“Kyle Williams graduated as a biochemistry major and he’s interned at the Mayo Clinic. He’s going to be an orthopedic surgeon when he’s done with football,” Boyd said. “First generation college student, man. So if you just look at number 10, a good little receiver who’s versatile, you might miss the fact that this guy might be doing your knee surgery in 10 years.”
Economic inequality plagues Black families. A June 2020 report from the Economic Policy Institute determined the average hourly wage of a working Black male in America in 2019 was a little more than $20, or 71% of the average wage of a working white male, at $29. The salary of Black women was even lower: the average wage of a working Black female, about $18, was 83% of the average wage of a working white female, who made an average $22.
Perhaps most telling was the differences in household income. The median household income of a Black household in 2018 was $41,692, while the median income of a white household was $70,642.
We 22 aims to enhance fiscal education to help close this economic gap, especially given the diverse geographic and economic backgrounds of student athletes.
“Foundations are different, amongst different cities, amongst different states, even with our international students,” Burrell said. “We really think that’s really the first step. Understanding the money and understanding how to really budget yourself.”
Jones said he hopes to employ an aggressive literacy campaign around financial decision making and management.
“Beginning in the freshman year, we’ll begin financial education on budgets. How do you budget and track your money, how to use technology for that,” Jones said. “We’ll also talk about savings tools, at a core, for some low risk kind of exploration of observing money being set aside, and revisiting it to see it accumulate later.”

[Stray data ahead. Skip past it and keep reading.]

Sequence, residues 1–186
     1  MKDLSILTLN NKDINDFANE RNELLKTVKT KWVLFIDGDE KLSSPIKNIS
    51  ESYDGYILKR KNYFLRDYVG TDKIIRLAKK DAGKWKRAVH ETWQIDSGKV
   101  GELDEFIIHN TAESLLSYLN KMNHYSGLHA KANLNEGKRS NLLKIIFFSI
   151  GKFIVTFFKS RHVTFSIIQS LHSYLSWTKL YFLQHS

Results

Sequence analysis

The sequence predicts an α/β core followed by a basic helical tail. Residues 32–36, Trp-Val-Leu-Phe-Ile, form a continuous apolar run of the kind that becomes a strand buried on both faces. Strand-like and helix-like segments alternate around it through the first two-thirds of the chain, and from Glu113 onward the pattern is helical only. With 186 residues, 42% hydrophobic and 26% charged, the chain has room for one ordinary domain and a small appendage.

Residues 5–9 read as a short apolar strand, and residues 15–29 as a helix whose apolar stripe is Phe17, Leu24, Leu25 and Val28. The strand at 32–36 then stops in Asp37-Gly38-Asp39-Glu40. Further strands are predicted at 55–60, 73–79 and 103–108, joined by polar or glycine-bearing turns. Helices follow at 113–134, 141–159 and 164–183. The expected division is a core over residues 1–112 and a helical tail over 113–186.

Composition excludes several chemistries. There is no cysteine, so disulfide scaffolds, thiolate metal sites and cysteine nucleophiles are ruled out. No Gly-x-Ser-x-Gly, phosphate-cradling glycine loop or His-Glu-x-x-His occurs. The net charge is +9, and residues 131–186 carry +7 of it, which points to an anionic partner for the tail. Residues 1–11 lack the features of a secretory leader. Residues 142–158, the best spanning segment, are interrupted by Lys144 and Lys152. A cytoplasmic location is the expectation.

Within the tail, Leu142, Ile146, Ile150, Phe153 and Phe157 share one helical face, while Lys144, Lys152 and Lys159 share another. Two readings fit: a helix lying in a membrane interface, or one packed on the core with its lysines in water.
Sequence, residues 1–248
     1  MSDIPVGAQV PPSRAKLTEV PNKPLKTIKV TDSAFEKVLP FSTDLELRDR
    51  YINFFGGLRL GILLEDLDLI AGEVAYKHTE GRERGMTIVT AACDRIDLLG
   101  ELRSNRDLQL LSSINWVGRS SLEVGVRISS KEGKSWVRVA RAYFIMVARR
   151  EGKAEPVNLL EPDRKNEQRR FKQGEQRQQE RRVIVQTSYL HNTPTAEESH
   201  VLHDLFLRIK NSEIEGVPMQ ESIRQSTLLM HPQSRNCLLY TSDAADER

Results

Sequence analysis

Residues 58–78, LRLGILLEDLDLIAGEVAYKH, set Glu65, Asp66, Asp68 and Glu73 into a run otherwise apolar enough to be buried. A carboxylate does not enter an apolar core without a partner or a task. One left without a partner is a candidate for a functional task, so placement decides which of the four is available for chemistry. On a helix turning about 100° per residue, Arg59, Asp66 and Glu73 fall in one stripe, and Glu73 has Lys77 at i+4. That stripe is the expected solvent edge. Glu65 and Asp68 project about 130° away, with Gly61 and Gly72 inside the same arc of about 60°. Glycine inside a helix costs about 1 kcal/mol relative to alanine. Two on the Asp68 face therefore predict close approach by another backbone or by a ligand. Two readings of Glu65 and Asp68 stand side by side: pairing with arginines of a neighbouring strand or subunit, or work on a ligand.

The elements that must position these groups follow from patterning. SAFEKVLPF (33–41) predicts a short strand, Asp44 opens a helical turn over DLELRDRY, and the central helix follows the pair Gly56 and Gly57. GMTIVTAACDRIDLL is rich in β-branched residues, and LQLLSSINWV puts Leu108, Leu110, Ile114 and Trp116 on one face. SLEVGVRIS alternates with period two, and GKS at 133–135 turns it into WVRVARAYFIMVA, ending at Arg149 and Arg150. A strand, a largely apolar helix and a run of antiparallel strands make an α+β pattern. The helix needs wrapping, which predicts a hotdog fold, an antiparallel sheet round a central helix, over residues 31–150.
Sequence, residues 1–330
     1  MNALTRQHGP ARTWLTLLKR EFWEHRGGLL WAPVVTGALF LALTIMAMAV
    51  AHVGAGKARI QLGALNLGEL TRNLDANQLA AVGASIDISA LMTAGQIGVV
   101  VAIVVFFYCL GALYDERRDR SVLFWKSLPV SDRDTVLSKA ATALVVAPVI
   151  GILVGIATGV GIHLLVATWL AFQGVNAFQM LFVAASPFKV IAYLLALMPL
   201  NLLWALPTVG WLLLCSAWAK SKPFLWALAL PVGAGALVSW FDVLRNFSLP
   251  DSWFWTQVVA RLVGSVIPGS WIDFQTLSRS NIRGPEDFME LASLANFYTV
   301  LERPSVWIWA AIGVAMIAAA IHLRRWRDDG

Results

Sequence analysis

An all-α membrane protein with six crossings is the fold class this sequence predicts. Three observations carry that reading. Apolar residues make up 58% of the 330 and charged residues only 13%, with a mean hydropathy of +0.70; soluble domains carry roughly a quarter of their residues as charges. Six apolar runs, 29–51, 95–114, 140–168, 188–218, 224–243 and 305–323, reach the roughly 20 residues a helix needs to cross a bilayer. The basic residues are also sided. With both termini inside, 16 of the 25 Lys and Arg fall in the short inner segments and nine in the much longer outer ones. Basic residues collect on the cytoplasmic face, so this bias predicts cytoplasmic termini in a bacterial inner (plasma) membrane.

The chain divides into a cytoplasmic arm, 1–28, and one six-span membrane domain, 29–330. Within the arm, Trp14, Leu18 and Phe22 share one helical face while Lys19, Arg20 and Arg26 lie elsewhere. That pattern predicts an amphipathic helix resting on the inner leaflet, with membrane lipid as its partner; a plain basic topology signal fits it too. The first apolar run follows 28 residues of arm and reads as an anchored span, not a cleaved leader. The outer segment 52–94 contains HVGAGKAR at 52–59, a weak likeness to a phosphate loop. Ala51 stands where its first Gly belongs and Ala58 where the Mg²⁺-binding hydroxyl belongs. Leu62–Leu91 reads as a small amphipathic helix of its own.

Boyd said teaching a young person the importance of such concepts as credit, credit score, a FICO score, compound interest and other areas of finance can lead to economic empowerment.
“These are just examples of things that a lot of minority communities are not as versed in, they’re not taught as much,” Boyd said. “They don’t see their family participating, you know, in financial literacy and awareness that way.”
From the 2012 presidential election to the 2016 election, Black voter turnout fell to 59% from 66%, according to the Pew Research Center. Black voter turnout in midterm elections rose to 51.4% in 2018 from 40.6% in 2014, it said.
To increase turnout, We 22 aims to foster voter participation on multiple levels, including local, state, and national elections.
The first step of the process is to get students to register to vote.
“A lot of our student athletes are not registered, are fearful of voting and don’t really understand the process,” Burrell said. “I think a lot of them are uneducated related to the dates, the timelines, the terms some of our public officials can hold, when elections are held, both locally, statewide and nationally.”